legal challenge to the constitutionality of the final Patient
Protection and Affordable Care Act . Although abortion funding was
not debated during the regular session of the General Assembly,
McDonnell raised the issue through the use of his amendatory veto
power. During the April 21, 2010 veto session , the Virginia
legislature passed restrictions on state public funding for elective
abortion except in the instances of rape, incest, life of the mother,
or life-threatening fetal anomaly.
In April 2012 McDonnell vetoed HB 399, which sought to improve
neonatal care by fast-tracking implementation of newborn screening for
life-threatening congenital heart malformations.
In Virginia, public schools are funded from both local real estate
taxes as well as state general funds under a formula that attempts to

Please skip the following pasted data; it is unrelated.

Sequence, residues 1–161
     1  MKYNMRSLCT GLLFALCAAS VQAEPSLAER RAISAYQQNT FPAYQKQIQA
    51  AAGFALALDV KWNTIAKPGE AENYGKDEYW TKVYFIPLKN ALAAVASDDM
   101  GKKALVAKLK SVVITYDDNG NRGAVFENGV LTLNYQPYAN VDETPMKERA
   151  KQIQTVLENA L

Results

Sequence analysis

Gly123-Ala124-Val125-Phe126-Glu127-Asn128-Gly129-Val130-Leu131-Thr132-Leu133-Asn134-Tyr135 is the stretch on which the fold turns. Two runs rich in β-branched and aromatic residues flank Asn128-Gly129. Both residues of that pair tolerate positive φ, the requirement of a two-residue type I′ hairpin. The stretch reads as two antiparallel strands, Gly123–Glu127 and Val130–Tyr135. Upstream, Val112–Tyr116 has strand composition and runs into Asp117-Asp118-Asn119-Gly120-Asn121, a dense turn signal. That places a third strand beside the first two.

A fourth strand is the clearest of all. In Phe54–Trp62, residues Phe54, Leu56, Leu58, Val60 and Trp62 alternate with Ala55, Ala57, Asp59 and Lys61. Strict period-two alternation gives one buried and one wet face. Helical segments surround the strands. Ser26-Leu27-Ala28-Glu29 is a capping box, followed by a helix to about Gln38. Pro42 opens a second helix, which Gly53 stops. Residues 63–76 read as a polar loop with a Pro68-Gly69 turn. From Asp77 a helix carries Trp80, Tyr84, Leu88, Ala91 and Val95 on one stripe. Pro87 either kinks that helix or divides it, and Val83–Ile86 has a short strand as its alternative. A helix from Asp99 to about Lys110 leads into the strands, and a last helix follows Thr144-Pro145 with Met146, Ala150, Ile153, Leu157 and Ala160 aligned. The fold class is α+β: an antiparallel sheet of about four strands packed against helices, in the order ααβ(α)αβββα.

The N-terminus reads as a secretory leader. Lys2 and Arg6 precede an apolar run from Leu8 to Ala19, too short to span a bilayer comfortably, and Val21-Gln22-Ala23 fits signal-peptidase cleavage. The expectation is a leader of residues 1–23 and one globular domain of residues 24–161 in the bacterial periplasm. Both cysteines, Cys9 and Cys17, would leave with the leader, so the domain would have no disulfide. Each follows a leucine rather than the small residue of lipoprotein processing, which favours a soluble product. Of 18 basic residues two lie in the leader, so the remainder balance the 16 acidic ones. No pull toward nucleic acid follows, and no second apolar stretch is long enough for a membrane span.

assure minimum statewide standards called "The Standards of Quality".
Virginia also earmarks revenues from its state lottery for education.
Tim Kaine proposed $11.4 billion for K-12 education
in the 2010–2012 budget. On February 17, 2010, McDonnell proposed
$268.8 million in cuts. McDonnell's cuts included changing the
formula for measuring the ability of localities to pay for education,
reducing funding for technology expenditures, and reducing funding
under the Standards of Quality.
The House adopted $620 million in education cuts, and the Senate
adopted a budget with $133 million in education cuts. The final,
signed budget cut over $646 million for public schools.
Because K-12 education comprised 37% of the general fund budget,
critics noted that McDonnell's proposal to fund transportation bonds
from the general fund would have resulted in further education cuts in
future years. McDonnell disagreed, saying he could lean heavily on
growth in revenues rather than pulling from existing money.
Although McDonnell supported the
Race to the Top federal education
funding program during his campaign for governor, on May 26, 2010, he
Virginia from the second round of "
Race to the Top ".
Virginia had finished 31st out of 41 states in the first round;
McDonnell decided that
Virginia should not file its application for